3 awesome JavaScript frameworks


As a web developer, you could easily work with a new JavaScript framework each day. Frameworks like AngularJS and jQuery are popular and stand out. If you are not willing to experiment, you are well-advised by using them.

If you are looking for something outside the quasi-standards, then it will be hard to find the right things. Here are three which I recently found I liked pretty much. If you have made better choices - let me know in the comments!

Awesome Frameworks


MinifiedJS is a lightweight alternative to jQuery . I was looking for something like that quite a while, and only found ZeptoJS. Zepto looked good but had no Internet Explorer support when I last checked. Meanwhile it has IE 10+ support, but that didn’t help me that much.

I was a bit sceptic when my friend Simon recommended me MinifiedJS. But it’s great. The syntax is easy to understand for everybody who worked with jQuery and Underscore before. It’s feature complete and “feels great”. For me, it is a framework with batteries included. It lets you manipulate DOM, create Animations, supports Events, Promises and Ajax and so on and so on.

The size is only 8kb, with legacy IE support 9kb. Even then it is smaller than Zepto, which needs 9.1kb or jQuery 2.0 which is huge with 29kb.

Using it is like usual, with some nice sugar:

var MINI = require('minified');
var $=MINI.$;

$(function() {
   $('.work-img').on('click', function(e) {
      var galleryId = this.get('%gallery');

In the example above, you would load minified first. If you are not using RequireJS, don’t worry: it’s optional. Just write the line, and MinifiedJS will take care of the rest. In line two, you have the free choice that identifier you want to use for Minified. No more clashes.

As with jQuery, you can wait with running JavaScript until the DOM fully loaded.

Also inspired by frameworks like jQuery, I can catch a click on an element. Inside my event handler, I am instantly in the right context. Nice: with the special “%gallery” I can easily access data-attributes. My HTML tag would therefor look like:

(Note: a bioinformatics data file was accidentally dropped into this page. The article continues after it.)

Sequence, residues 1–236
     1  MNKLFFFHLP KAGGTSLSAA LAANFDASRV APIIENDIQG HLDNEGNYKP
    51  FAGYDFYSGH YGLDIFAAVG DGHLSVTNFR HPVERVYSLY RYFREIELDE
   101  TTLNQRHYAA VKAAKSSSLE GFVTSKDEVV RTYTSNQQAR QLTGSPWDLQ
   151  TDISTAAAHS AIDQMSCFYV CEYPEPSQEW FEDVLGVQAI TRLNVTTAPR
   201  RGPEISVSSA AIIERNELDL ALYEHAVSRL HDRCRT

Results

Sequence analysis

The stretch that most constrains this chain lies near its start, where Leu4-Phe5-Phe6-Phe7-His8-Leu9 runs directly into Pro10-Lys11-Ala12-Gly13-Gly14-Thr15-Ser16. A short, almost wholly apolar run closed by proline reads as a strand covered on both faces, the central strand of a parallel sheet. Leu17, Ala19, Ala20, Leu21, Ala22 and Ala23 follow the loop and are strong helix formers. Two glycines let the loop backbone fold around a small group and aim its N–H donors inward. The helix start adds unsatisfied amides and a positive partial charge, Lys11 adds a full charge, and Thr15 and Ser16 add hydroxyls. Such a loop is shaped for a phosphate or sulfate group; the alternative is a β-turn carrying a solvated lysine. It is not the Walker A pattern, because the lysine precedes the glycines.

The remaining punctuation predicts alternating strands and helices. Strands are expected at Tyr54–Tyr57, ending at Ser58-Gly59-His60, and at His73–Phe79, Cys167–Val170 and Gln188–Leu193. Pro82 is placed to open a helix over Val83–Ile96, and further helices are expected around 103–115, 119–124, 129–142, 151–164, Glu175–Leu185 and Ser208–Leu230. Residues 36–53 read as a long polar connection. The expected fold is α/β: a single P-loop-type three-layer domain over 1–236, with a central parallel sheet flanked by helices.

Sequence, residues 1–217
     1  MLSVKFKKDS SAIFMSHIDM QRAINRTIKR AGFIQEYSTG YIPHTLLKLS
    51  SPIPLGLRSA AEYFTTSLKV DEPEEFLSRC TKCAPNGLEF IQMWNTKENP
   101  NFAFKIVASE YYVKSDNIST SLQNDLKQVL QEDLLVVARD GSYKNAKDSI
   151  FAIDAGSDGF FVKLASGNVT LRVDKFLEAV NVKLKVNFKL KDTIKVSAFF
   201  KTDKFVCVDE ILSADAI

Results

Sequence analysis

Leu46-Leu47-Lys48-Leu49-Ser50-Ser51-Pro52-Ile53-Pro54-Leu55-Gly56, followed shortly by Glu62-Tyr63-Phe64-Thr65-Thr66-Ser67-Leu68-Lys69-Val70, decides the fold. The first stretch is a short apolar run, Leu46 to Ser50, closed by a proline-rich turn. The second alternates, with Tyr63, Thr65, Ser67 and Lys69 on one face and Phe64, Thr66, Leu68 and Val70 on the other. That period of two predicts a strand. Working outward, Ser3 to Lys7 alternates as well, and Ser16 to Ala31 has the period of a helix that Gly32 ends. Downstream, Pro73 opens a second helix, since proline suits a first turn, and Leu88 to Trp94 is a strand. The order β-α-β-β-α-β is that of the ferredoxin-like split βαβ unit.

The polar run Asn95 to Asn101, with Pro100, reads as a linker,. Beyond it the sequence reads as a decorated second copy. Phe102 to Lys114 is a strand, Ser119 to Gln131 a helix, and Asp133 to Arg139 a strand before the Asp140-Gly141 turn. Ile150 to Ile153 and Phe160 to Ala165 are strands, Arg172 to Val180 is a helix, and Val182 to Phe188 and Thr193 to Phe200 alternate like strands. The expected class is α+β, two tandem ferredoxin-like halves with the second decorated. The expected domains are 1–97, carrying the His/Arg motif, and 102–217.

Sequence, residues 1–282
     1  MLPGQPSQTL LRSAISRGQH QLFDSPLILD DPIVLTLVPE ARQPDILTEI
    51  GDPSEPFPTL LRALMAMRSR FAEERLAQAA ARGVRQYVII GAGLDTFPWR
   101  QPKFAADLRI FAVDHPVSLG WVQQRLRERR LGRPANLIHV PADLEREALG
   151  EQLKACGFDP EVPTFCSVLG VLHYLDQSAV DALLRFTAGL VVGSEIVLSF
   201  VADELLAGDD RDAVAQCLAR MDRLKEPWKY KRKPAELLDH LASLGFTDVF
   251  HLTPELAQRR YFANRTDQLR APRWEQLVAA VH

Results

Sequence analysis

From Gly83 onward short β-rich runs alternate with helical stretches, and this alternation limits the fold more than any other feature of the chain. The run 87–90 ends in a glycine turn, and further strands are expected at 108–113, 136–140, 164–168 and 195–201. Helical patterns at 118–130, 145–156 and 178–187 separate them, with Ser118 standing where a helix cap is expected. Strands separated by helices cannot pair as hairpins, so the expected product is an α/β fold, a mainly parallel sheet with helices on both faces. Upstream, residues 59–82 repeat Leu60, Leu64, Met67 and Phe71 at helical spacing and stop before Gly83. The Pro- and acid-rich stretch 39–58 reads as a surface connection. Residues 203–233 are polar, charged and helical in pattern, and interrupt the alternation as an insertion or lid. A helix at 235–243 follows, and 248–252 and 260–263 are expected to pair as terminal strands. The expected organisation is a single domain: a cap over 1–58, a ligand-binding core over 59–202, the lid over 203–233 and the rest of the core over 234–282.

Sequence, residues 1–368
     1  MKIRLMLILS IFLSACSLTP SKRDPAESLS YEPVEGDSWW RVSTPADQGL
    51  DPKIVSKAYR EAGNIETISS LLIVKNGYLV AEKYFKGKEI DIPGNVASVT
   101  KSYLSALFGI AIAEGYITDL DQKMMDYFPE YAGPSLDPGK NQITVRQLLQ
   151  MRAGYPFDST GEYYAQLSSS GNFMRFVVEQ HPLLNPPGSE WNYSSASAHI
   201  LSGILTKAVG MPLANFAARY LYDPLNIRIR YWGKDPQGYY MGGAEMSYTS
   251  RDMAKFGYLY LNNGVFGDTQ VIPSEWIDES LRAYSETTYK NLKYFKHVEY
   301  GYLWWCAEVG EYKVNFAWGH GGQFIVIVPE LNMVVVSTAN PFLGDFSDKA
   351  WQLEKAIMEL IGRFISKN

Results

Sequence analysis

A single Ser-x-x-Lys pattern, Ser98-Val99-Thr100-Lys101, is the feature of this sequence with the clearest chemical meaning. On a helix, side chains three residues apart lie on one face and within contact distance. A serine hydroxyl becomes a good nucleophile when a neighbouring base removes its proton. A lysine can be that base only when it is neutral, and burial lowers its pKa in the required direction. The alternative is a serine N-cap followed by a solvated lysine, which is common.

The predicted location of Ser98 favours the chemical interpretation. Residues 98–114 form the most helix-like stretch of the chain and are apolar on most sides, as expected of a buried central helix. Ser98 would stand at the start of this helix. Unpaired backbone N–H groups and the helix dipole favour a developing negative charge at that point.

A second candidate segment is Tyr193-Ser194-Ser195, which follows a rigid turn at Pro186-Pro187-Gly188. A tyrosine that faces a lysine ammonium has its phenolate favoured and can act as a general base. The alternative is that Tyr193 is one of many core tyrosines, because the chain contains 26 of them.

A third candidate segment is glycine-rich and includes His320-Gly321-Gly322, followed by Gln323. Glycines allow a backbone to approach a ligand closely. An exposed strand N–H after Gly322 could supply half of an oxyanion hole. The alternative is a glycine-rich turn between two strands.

<div data-gallery="1">...</div>

This kind of operators are everywhere in MinifiedJS and make things a lot easier. You can have them for any taste: for CSS classes, styles and much more.

For me, MinifiedJS has replaced jQuery, even when the only source of knowledge appears to be the official docs. That doesn’t bother me that much, as the docs itself are excellent.


I was wasting some time with Waypoint to work on some advanced scrolling behavior for my customer. It just didn’t work right, and so I moved on to ScrollMagic.

This little framework gave me all super powers I needed to make scrolling a better experience. Unfortunately, the documentation is far from perfect, and you could doubt some coding decisions made by the ScrollMagic developers.

Nevertheless, if you have made the first steps and accepted things are not that beauty, it works well and reliable.

Here is how it would look like:

var controller = new ScrollMagic.Controller();
var menuContainer = $('.menu-container');

new ScrollMagic.Scene({
  offset: 10
}).on("enter", function () {
  menuContainer.animate({$$fade: 1}, 200, 0);
}).on("leave", function () {
  menuContainer.animate({$$fade: 0}, 200, 0);

First, you always have to create a so-called Controller. Later you can add various scenes to that Controller. In the case above, I defined the animation should start after 10 pixels of scrolling. When this happens, the “enter” function will be called. If I return to the initial starting point, the “leave” function will be called.

In these functions, I use MinifiedJS to show/hide a div. In other terms, once you start scrolling, the menu will fade in.

Of course, not only offset scrolling is supported. You can easily define your custom hooks and trigger-elements and create pretty complicated things. Check the examples.

Green Sock: GSAP

ScrollMagic supports GSAP very well. This framework is for creating CSS animations. You certainly could use MinifiedJS for some or a lot of the things GSAP does, but in the end GSAP is specialized and in some cases the better choice.

Once you loaded the ScrollMagic plugin for GSAP and the GSAP code itself, you can do things like that:

new ScrollMagic.Scene({
  triggerElement: element
.setTween(element, 0.5, {css:{opacity:1}, ease:Power3.easeOut})

The code above creates a new scene. Instead of defining enter/leave methods, we are adding a Tween. Tweens are GSAP terms for something that counts up numbers (or down). In this case, my element got an initial opacity of 0.7. It’s a bit transparent. When the ScrollMagic scene is triggered, the Tween will be started. Within 0.5 seconds, the opacity would increase to 1, which means: fully visible.

GSAP supports a lot of advanced visualizations. Especially the “easing” is very interesting when demo-ing charts.

Enjoy! And let me know if you have experienced any other cool JavaScript frameworks recently!

Tags: #JavaScript #Frameworks #jQuery